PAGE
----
Terms in this set (27)

When filling out a document such as a job application or school registration form you are often asked to provide your name, address, phone number, birth date, and sex or gender. But have you ever been asked to provide your sex and your gender? Like most people, you may not have realized that sex and gender are not the same. However, sociologists and most other social scientists view them as conceptually distinct. Sex refers to physical or physiological differences between males and females, including both primary sex characteristics (the reproductive system) and secondary characteristics such as height and muscularity. Gender refers to behaviors, personal traits, and social positions that society attributes to being female or male.
A person's sex, as determined by his or her biology, does not always correspond with his or her gender. Therefore, the terms sex and gender are not interchangeable. A baby boy who is born with male genitalia will be identified as male. As he grows, however, he may identify with the feminine aspects of his culture. Since the term sex refers to biological or physical distinctions, characteristics of sex will not vary significantly between different human societies. Generally, persons of the female sex, regardless of culture, will eventually menstruate and develop breasts that can lactate. Characteristics of gender, on the other hand, may vary greatly between different societies. For example, in U.S. culture, it is considered feminine (or a trait of the female gender) to wear a dress or skirt. However, in many Middle Eastern, Asian, and African cultures, dresses or skirts (often referred to as sarongs, robes, or gowns) are considered masculine. The kilt worn by a Scottish male does not make him appear feminine in his culture.
Symbolic interactionism aims to understand human behavior by analyzing the critical role of symbols in human interaction. This is certainly relevant to the discussion of masculinity and femininity. Imagine that you walk into a bank hoping to get a small loan for school, a home, or a small business venture. If you meet with a male loan officer, you may state your case logically by listing all the hard numbers that make you a qualified applicant as a means of appealing to the analytical characteristics associated with masculinity. If you meet with a female loan officer, you may make an emotional appeal by stating your good intentions as a means of appealing to the caring characteristics associated with femininity.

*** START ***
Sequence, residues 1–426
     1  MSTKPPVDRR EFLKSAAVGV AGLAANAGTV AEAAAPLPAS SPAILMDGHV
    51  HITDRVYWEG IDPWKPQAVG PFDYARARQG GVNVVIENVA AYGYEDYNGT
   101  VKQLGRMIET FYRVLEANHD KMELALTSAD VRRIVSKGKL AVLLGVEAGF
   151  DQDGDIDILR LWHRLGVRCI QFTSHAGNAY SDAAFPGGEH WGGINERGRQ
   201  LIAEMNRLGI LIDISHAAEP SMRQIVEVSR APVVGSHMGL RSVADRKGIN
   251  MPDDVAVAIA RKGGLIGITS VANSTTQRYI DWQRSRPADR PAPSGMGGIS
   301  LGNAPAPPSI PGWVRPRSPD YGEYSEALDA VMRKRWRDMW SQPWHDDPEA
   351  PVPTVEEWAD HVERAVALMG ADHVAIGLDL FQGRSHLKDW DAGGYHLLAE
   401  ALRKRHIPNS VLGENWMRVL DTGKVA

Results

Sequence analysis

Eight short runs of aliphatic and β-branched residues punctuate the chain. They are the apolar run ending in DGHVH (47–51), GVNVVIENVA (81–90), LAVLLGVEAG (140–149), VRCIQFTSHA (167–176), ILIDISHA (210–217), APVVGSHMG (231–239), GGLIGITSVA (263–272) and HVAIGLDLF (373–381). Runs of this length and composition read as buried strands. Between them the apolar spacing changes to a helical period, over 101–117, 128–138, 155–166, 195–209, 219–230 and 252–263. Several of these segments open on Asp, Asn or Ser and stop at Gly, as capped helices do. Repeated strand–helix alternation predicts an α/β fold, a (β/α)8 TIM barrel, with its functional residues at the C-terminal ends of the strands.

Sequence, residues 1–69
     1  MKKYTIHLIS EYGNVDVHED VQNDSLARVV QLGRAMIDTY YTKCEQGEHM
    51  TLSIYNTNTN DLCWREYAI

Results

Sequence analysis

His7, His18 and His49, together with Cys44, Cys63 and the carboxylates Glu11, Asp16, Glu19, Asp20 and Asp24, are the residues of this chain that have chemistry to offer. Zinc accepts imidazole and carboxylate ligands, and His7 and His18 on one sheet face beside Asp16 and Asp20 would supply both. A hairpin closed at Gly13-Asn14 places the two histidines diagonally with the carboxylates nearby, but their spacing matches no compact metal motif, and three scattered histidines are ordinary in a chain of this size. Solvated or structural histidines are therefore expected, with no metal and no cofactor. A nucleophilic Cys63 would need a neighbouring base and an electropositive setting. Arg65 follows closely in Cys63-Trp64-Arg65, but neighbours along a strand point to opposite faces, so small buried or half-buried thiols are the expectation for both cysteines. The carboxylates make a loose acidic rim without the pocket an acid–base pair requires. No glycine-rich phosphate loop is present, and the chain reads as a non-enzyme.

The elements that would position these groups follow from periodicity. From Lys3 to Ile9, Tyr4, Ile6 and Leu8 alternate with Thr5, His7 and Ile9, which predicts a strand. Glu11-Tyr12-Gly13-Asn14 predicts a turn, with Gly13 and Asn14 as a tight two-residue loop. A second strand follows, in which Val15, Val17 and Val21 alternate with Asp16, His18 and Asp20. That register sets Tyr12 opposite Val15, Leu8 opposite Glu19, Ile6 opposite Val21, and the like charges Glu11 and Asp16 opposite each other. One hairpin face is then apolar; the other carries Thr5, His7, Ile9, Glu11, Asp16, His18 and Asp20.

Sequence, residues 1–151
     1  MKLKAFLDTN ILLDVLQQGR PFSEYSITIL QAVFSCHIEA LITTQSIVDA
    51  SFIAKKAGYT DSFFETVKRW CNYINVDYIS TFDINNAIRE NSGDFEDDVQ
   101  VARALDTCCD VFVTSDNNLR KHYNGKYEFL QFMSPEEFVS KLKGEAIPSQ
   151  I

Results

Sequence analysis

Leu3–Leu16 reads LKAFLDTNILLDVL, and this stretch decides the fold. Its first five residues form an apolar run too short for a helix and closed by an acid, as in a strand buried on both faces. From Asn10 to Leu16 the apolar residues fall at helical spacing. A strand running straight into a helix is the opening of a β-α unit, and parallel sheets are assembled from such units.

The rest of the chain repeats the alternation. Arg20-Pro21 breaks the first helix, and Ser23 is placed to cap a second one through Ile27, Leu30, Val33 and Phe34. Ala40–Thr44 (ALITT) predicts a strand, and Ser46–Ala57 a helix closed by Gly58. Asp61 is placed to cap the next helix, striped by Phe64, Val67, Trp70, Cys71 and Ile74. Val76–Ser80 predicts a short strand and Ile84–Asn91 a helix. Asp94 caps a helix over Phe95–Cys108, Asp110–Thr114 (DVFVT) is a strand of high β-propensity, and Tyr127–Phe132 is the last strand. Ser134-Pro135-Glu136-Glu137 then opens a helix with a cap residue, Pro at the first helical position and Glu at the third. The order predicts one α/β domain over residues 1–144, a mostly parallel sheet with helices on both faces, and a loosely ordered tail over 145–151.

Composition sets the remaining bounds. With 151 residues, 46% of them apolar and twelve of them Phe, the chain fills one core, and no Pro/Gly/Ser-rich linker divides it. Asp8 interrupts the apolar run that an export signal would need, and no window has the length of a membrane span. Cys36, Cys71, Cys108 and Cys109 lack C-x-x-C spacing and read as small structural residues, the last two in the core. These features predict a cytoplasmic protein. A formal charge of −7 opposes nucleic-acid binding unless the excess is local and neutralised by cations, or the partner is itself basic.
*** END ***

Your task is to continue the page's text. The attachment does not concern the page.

Because the meanings attached to symbols are socially created and not natural, and fluid, not static, we act and react to symbols based on the current assigned meaning. The word gay, for example, once meant "cheerful," but by the 1960s it carried the primary meaning of "homosexual." In transition, it was even known to mean "careless" or "bright and showing" (Oxford American Dictionary 2010). Furthermore, the word gay (as it refers to a homosexual), carried a somewhat negative and unfavorable meaning fifty years ago, but it has since gained more neutral and even positive connotations. When people perform tasks or possess characteristics based on the gender role assigned to them, they are said to be doing gender. This notion is based on the work of West and Zimmerman (1987). Whether we are expressing our masculinity or femininity, West and Zimmerman argue, we are always "doing gender." Thus, gender is something we do or perform, not something we are.